This paradigm of extraterritoriality is embedded in the concept of human rights as part of public international law. Public international law, a state-centric legal system constructed around sovereignty, conceives jurisdiction as primarily territorial. As states are equal, they are to respect each other's sovereignty and avoid interferences with the territories of other states. According to this paradigm, a state may only exceptionally exercise jurisdiction outside its territory. These exceptions are limited and legally justified under international law.Footnote 14
This section analyses various approaches that scholars and courts take within the paradigm of extraterritoriality.
2.1. The traditional approach
According to the traditional approach, the enjoyment of human rights depends on the procedural question of jurisdiction. If a state has no jurisdiction over a victim, it also has no obligation towards that victim.Footnote 15
The main extraterritorial scenarios in which a victim is outside the state's territory but still within its jurisdiction are cases of military occupation and the like. In sum, they are situations when a state effectively controls another state's territory as if it were its own. The International Court of Justice (ICJ), together with human rights courts and commissions,Footnote 16 adopted this interpretation in the advisory opinion on the Legal Consequences of the Construction of a Wall in the Occupied Palestinian Territory.Footnote 17 The case of military occupation is now commonly accepted as an extraterritorial case where a state has jurisdiction over victims who are not within its territory.
Moreover, this traditional approach has been extended to situations in which a state exercises jurisdiction over a foreign person (and not a territory). For example, a state captures a person during military operations abroad; in such a case the state does not control a foreign territory but exercises authority and control over a foreign person. Given that the jurisdictional clauses of international human rights treaties mention that victims (and not territories) must be within the jurisdiction of signatory states for human rights law to apply, then once a state takes a prisoner into custody, it exercises jurisdiction over that prisoner even if outside its territory.Footnote 18 Another example is the control exercised in Iraq by European military forces invited by the Iraqi government. European states did not have effective control over Iraq, but they still exercised public power in place of the Iraqi government. Thus, the authority and control exercised over the Iraqi people was sufficient to trigger the jurisdiction of European states.Footnote 19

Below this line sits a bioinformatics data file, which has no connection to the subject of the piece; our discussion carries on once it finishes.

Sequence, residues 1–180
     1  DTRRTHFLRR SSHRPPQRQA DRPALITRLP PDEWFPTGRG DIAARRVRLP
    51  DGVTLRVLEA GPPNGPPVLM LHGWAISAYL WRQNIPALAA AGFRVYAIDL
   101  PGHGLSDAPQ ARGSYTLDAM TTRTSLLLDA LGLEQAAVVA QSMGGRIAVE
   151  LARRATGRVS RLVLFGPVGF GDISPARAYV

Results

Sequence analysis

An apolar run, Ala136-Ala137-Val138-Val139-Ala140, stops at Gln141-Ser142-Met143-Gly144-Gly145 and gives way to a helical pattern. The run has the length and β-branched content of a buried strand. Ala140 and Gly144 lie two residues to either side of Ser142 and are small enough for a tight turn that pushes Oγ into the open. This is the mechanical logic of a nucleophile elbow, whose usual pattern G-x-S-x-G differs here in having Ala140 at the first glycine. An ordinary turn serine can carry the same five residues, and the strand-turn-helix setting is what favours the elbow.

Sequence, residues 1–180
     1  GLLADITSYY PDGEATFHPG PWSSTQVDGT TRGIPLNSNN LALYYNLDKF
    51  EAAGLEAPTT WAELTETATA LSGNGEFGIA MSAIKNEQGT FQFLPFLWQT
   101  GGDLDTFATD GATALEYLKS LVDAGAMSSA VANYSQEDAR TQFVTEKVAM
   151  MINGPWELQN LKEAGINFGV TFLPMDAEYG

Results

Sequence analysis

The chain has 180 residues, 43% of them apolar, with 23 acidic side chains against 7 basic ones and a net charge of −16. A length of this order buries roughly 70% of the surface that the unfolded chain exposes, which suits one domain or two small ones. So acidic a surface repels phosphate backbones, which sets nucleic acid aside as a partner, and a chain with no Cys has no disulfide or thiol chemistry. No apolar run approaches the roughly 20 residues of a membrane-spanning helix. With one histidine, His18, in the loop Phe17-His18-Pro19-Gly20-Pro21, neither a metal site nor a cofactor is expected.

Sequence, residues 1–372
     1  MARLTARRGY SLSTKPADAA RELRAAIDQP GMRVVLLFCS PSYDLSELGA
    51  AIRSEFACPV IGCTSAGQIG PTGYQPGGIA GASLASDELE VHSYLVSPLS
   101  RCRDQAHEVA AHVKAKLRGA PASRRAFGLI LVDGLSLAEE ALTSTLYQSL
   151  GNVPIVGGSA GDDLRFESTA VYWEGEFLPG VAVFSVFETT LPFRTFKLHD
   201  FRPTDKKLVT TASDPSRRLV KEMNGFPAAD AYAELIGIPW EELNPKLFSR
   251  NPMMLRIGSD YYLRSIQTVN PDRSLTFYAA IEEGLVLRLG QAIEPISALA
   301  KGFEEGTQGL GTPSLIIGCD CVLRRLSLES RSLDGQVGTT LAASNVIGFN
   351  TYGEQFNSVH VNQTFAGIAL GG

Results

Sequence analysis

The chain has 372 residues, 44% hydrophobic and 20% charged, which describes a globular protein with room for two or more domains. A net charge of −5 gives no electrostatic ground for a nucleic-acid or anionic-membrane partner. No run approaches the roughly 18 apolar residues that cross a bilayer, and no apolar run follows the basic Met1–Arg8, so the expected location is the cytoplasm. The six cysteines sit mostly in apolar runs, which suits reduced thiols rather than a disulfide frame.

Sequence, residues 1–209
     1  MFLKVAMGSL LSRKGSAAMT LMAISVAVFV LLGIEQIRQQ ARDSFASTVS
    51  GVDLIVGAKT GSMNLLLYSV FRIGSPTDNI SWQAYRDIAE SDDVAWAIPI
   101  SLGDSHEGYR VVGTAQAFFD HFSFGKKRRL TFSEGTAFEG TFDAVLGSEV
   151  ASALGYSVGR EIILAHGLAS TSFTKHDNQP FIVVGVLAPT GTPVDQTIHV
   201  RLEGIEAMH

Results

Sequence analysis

This interpretation left several critical situations outside the jurisdiction of states. For example, dropping a bomb in a foreign country would not meet the jurisdictional test: victims of bombings are not under the authority and control of the state and, therefore, are outside its jurisdiction. Under the traditional extraterritorial approach, there are no human rights obligations without jurisdiction. Thus, states that drop bombs in foreign countries have no human rights obligations towards the civilians who suffer from the attack because those civilians are not under their jurisdiction. The European Court of Human Rights (ECtHR) embraced this approach in the seminal case of Bankovic v Belgium, which concerned a NATO military attack in Belgrade that caused several civilian casualties.Footnote 20
2.2. The procedural approach
The traditional approach – focused solely on the jurisdictional question (does the state have jurisdiction over the victim?) while avoiding the substantive human rights or humanitarian law questions at stake in these cases (does the state violate human rights or humanitarian law?) – resulted in a widespread sense of dissatisfaction and injustice among victims, human rights advocates, and even some judges. For example, Judge Bonello, in his concurring opinion in Al-Skeini v United Kingdom, wrote:Footnote 21
If two civilian Iraqis are together in a street in Basra, and a United Kingdom soldier kills the first before arrest and the second after arrest, the first dies desolate, deprived of the comforts of United Kingdom jurisdiction, the second delighted that his life was evicted from his body within the jurisdiction of the United Kingdom. Same United Kingdom soldier, same gun, same ammunition, same patch of street – same inept distinctions. I find these pseudo-differentials spurious and designed to promote a culture of law that perverts, rather than fosters, the cause of human rights justice.